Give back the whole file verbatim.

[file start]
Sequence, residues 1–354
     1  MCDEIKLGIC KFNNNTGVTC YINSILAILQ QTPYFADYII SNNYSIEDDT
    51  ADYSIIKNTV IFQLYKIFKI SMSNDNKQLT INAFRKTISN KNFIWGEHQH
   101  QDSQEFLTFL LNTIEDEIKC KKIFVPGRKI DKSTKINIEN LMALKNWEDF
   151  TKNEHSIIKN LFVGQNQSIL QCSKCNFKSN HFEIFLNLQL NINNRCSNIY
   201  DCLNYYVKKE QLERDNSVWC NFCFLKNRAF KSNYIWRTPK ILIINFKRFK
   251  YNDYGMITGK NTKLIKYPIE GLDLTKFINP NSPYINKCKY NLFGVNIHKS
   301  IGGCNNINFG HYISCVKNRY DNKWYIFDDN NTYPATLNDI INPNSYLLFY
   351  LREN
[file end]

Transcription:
Sequence, residues 1–354
     1  MCDEIKLGIC KFNNNTGVTC YINSILAILQ QTPYFADYII SNNYSIEDDT
    51  ADYSIIKNTV IFQLYKIFKI SMSNDNKQLT INAFRKTISN KNFIWGEHQH
   101  QDSQEFLTFL LNTIEDEIKC KKIFVPGRKI DKSTKINIEN LMALKNWEDF
   151  TKNEHSIIKN LFVGQNQSIL QCSKCNFKSN HFEIFLNLQL NINNRCSNIY
   201  DCLNYYVKKE QLERDNSVWC NFCFLKNRAF KSNYIWRTPK ILIINFKRFK
   251  YNDYGMITGK NTKLIKYPIE GLDLTKFINP NSPYINKCKY NLFGVNIHKS
   301  IGGCNNINFG HYISCVKNRY DNKWYIFDDN NTYPATLNDI INPNSYLLFY
   351  LREN